Euclidean Plane is Abstract Geometry

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Theorem

The Euclidean plane $\left({\R^2, L_E}\right)$ is an abstract geometry.


Proof

We will show that the axioms for an abstract geometry hold.


Axiom 1

Let $P = \left({x_1, y_1}\right)$ and $Q = \left({x_2, y_2}\right)$ be two distinct points in $\left({\R^2, L_E}\right)$.

If $x_1 = x_2 = a$ then $P, Q \in L_a$.

If $x_1 \ne x_2$ then let:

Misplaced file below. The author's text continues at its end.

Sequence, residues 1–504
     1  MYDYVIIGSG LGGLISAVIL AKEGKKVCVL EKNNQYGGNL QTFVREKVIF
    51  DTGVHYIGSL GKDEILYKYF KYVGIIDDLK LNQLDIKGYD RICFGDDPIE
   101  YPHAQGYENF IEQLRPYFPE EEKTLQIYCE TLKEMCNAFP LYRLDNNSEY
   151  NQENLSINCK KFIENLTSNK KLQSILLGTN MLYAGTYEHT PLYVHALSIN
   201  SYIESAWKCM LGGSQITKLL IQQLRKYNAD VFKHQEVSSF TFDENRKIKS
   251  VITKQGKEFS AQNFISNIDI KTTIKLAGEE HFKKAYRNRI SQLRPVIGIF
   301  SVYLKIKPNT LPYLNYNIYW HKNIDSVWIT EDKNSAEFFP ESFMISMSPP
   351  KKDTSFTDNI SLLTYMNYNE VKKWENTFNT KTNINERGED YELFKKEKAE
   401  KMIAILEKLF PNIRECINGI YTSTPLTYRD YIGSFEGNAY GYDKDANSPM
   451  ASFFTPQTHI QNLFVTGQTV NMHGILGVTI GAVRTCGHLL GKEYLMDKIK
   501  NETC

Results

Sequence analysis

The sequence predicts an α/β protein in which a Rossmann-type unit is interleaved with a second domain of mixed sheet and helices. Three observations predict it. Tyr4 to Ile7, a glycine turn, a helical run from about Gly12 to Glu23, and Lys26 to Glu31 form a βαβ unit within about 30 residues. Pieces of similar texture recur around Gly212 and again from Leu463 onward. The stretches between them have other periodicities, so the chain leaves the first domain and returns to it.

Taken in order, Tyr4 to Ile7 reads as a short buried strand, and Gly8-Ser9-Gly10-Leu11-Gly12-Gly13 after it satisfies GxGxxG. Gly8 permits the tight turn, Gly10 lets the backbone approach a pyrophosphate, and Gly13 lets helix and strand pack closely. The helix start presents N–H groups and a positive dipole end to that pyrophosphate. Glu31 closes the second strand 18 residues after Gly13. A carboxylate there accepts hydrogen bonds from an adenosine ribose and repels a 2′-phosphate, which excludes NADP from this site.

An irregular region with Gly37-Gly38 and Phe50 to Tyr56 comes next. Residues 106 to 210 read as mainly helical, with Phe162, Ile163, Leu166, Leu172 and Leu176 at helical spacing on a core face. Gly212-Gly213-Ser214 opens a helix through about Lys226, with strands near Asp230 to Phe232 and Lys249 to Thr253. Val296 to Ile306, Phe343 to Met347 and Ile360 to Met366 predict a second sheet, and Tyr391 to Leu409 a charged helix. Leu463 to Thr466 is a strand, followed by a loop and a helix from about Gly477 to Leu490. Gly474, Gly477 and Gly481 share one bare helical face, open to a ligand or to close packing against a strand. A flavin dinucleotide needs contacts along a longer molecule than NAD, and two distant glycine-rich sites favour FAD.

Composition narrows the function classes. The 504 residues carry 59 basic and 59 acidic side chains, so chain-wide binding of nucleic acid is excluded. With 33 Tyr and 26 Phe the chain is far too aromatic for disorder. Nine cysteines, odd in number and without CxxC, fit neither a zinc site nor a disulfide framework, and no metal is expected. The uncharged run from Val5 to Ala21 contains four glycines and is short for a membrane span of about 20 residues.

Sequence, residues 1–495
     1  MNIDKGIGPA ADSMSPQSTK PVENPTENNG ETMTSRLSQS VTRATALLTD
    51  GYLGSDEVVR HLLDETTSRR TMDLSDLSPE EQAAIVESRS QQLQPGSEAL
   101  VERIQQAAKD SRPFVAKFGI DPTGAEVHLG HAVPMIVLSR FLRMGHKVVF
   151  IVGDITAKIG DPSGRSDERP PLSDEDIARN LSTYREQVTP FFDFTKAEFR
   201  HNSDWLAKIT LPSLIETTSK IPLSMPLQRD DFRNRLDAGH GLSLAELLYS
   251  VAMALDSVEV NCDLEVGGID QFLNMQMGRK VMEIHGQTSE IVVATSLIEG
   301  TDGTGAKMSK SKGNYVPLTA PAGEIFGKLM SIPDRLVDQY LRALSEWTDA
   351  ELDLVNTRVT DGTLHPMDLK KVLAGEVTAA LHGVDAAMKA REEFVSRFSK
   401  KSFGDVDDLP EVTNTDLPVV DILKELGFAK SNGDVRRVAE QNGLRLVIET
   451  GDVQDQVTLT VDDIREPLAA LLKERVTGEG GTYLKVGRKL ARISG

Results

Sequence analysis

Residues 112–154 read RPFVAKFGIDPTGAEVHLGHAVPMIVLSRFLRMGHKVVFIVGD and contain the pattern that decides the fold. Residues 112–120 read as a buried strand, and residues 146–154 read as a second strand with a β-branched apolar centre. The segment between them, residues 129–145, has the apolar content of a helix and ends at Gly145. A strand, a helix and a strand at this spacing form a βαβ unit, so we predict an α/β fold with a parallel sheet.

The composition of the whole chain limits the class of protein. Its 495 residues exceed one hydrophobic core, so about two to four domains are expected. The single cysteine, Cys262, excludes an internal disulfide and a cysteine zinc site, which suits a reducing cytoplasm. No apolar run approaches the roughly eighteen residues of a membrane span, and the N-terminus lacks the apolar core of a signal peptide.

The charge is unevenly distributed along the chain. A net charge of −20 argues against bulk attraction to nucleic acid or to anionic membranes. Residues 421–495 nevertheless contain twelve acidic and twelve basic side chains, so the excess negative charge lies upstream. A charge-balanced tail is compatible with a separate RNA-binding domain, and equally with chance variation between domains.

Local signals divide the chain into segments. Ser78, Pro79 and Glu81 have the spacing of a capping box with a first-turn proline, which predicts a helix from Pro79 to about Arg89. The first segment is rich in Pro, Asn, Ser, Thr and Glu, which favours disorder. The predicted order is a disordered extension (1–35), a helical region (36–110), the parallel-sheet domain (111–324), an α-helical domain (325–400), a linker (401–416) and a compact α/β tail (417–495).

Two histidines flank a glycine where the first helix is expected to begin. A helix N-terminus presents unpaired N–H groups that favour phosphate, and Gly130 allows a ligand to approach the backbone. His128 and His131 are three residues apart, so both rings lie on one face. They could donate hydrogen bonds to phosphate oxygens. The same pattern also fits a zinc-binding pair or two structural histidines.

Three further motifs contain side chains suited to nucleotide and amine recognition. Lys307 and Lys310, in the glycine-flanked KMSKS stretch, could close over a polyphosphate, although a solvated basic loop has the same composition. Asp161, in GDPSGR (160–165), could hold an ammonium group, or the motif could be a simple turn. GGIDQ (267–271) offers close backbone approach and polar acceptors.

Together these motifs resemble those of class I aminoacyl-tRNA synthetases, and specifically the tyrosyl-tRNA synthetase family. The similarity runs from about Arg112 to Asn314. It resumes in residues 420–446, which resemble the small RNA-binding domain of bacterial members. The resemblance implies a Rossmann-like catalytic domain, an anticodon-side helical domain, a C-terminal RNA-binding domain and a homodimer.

$m = \dfrac {y_2 - y_1} {x_2 - x_1}$
$b = y_2 - m x_2$

Then $P, Q \in L_{m,b}$, since:

$b + m x_1 = y_2 - m \left({x_2 - x_1}\right) = y_2 - \left({y_2 - y_1}\right) = y_1$
$b + m x_2 = y_2 - m \left({x_2 - x_2}\right) = y_2$

So any two points in $\R^2$ lie on a line in $L_E$.

$\Box$


Axiom 2

For any $a \in \R$:

$\left({a, 0}\right), \left({a, 1}\right) \in L_a$

Also for any $m, b \in \R$:

$\left({0, b}\right),\left({1, m + b}\right) \in L_{m,b}$


So every line in $L_E$ has at least two distinct points.

$\Box$


Hence $\left({\R^2, L_E}\right)$ is an abstract geometry.


$\blacksquare$


Sources